It is reported that:

Assistant national police chief Pol Lt Gen Piya Uthayo said on Monday that the Thailand’s Action Taskforce for Information Technology Crime Suppression (Tactics) under the Royal Thai Police Office had ordered the Technology Crime Suppression Division, the Legal Affairs Division and the Special Branch Division of the Royal Thai Police Office to conduct the investigation.

Not only Pannika is in strife, but all those in the photos with her.

Also piling on is the royalist “activist”-complainer Srisuwan Janya who is running to the National Anti-Corruption Commission “to probe if Ms Pannika, a list MP of the Future Forward Party, violated the ethics required of holders of political positions” on the basis that “MPs must protect the royal institution and the constitutional monarchy and not take any action that would tarnish the honour of MPs…” Of course, she wasn’t an MP when the photos were taken, but that doesn’t bother the slavish royalists.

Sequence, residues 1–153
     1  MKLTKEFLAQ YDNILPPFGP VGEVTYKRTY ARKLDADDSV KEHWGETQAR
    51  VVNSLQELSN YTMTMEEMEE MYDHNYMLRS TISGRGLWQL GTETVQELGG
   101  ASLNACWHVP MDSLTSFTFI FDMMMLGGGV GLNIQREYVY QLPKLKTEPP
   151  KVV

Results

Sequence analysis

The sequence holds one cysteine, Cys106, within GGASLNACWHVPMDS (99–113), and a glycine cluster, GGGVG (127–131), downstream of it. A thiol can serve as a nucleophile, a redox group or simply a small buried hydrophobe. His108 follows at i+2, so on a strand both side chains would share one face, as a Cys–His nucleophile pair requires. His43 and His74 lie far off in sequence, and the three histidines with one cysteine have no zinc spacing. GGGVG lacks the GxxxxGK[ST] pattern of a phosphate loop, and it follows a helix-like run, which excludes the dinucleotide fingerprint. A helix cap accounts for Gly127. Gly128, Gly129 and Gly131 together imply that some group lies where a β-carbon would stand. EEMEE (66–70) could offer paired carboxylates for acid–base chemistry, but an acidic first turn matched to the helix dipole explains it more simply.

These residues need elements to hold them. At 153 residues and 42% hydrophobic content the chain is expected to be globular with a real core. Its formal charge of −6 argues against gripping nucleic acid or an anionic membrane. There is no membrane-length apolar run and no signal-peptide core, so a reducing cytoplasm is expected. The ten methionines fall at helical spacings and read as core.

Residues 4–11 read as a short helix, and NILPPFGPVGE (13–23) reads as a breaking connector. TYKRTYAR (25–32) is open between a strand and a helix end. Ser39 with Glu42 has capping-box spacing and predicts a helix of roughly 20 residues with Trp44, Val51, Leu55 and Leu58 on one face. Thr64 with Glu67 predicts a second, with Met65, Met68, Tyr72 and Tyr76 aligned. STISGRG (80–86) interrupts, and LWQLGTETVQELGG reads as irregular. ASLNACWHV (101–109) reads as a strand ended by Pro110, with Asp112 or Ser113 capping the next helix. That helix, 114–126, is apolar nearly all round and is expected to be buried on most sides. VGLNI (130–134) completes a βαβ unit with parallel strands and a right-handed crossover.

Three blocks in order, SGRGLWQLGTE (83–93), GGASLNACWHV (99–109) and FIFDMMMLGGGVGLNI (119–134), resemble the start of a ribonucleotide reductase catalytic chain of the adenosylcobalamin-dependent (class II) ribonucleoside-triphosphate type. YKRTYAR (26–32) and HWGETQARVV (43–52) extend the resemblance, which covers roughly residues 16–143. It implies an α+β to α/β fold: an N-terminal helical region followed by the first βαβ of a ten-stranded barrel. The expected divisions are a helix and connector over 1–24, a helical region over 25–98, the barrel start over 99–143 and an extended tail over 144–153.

Blame the EC

3 05 2019

As the Constitutional Court accepts the “Ombudsman’s request for a ruling on the constitutionality of the Election Commission’s formula to calculate party-list MPs for political parties and will rule next Wednesday,” the EC continues a quiet and opaque process of disqualification.

It has “disqualified 11 former MP candidates of eight parties, effectively excluding another 12,000 votes from party-list MP calculation.” That’s 17 disqualified in this manner. While none were winners, the question is: How does this impact the “formula” that is itself under challenge?

Meanwhile, Future Forward are hitting back on the repeated complaints by Srisuwan Janya. Eleven candidates have filed complaints with the police. According to the report, they argue that Srisuwan has mischievously and falsely accused each of them of being media owners.

They claim that: